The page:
And... that was it. New NPCs offered a glimpse of some truly amazing armor and weapons, none of which are currently available to players (and datamining suggests it may be a while, if ever, before they are.) There were no new appearances for players to farm, no items or pets or toys or titles to obtain, no achievements to complete. There was no repeatable, truly farmable content.

Warfronts are larger, 20-man challenges that take inspiration from the Warcraft strategy games. Players are deployed on the Warfront to collect resources, destroy enemy troops, construct buildings, and eventually launch an assault to take over the enemy base. These battles take 20 to 40 minutes to complete and, unlike Island Expeditions, don’t offer a PvP mode.
EXPLORE TWO FABLED KINGDOMS – As a champion of the Horde, travel to Zandalar to persuade the trolls to lend their naval might to the war effort. As a defender of the Alliance, sail to the seafaring kingdom of Kul Tiras, home of Jaina Proudmoore, and rally its inhabitants to fight for your cause. Once you’ve successfully recruited one of these proud kingdoms to your faction, infiltrate the enemy’s newly claimed territory.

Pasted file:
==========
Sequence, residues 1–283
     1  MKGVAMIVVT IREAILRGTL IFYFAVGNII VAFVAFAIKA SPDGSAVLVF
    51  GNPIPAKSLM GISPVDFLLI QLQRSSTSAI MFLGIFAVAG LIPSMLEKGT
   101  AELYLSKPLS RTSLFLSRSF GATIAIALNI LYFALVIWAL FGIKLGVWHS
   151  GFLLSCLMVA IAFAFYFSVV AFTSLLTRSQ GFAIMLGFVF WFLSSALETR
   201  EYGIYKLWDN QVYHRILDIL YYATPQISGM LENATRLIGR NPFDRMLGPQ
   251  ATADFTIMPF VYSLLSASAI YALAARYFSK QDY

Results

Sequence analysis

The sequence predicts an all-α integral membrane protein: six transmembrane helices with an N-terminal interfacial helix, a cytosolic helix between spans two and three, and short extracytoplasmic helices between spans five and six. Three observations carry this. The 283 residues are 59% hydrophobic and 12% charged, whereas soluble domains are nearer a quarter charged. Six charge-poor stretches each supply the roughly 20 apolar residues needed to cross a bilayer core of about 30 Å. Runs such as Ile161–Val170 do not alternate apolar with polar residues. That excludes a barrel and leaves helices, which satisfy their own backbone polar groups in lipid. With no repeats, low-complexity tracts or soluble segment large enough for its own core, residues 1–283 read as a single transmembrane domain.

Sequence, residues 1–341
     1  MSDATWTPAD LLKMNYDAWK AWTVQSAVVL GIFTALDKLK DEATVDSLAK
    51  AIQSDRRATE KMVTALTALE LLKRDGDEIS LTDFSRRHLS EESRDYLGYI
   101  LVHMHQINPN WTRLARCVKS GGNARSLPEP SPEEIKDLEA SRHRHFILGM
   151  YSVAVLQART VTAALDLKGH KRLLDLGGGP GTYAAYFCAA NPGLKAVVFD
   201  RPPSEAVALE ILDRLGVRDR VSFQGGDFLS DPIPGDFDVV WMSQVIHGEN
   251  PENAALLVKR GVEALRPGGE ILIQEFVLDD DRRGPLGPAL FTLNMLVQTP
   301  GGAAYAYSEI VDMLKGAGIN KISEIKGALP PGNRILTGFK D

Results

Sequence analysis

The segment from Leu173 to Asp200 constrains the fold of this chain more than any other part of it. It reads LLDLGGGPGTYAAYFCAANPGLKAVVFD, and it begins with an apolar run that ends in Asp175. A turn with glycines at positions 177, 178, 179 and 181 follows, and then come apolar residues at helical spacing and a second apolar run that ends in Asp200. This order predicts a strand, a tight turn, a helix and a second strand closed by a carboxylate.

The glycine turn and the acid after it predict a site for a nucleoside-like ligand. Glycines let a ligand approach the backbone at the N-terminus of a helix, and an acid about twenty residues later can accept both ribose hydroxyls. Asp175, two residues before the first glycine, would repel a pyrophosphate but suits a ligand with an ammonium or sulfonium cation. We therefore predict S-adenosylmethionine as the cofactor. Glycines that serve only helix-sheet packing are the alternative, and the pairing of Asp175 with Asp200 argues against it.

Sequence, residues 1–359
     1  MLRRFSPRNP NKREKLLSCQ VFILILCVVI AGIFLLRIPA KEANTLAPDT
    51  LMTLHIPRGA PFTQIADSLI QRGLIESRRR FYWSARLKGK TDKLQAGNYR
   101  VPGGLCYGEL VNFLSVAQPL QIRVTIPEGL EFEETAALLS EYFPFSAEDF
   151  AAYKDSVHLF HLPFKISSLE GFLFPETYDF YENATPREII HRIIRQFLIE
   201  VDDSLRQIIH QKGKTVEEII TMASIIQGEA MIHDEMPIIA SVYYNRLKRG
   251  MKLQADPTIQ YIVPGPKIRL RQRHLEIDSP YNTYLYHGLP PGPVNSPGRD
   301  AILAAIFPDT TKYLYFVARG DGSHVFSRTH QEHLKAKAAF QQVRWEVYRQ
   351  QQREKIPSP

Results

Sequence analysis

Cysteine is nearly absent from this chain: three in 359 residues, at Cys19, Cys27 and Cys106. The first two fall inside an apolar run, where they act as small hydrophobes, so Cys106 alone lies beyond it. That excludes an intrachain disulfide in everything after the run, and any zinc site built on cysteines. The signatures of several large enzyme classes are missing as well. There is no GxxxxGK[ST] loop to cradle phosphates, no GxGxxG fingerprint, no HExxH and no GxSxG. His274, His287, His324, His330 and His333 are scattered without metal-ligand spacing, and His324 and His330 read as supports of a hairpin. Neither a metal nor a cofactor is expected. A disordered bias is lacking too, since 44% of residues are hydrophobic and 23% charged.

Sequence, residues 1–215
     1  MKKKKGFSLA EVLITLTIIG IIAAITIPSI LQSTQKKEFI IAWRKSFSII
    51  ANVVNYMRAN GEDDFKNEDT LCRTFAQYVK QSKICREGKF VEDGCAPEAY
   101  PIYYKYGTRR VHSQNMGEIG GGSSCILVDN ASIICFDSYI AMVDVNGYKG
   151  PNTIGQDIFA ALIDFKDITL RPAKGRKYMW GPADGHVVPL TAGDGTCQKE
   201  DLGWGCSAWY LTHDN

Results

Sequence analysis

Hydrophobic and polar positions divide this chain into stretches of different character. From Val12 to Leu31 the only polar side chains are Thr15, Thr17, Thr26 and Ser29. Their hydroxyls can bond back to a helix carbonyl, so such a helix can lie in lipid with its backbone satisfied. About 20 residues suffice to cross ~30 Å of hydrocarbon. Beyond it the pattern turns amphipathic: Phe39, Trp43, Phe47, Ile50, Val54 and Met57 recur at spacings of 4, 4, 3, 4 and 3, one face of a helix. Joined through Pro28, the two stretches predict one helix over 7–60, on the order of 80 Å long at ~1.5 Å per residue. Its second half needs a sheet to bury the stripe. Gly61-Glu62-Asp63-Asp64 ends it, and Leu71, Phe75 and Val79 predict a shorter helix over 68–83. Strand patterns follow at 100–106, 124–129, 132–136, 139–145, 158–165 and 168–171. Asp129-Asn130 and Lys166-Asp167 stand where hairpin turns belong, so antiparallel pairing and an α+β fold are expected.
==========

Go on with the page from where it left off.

The Heart of Azeroth is an artifact given to the player character from the world soul via Magni Bronzebeard. It is a necklace that can use the power of Azerite, the lifeblood of the embryonic titan Azeroth (See Plot, below). Azerite is similar in function to Legion's artifact power, in that it is gathered normally from playing the game and is used to upgrade an artifact; likewise, the Heart is similar in function to Legion's artifact weapons by having the capacity to be constantly upgraded. Unlike artifact weapons, however, the Heart is shared with all of the player's specializations and can empower all eligible pieces worn simultaneously.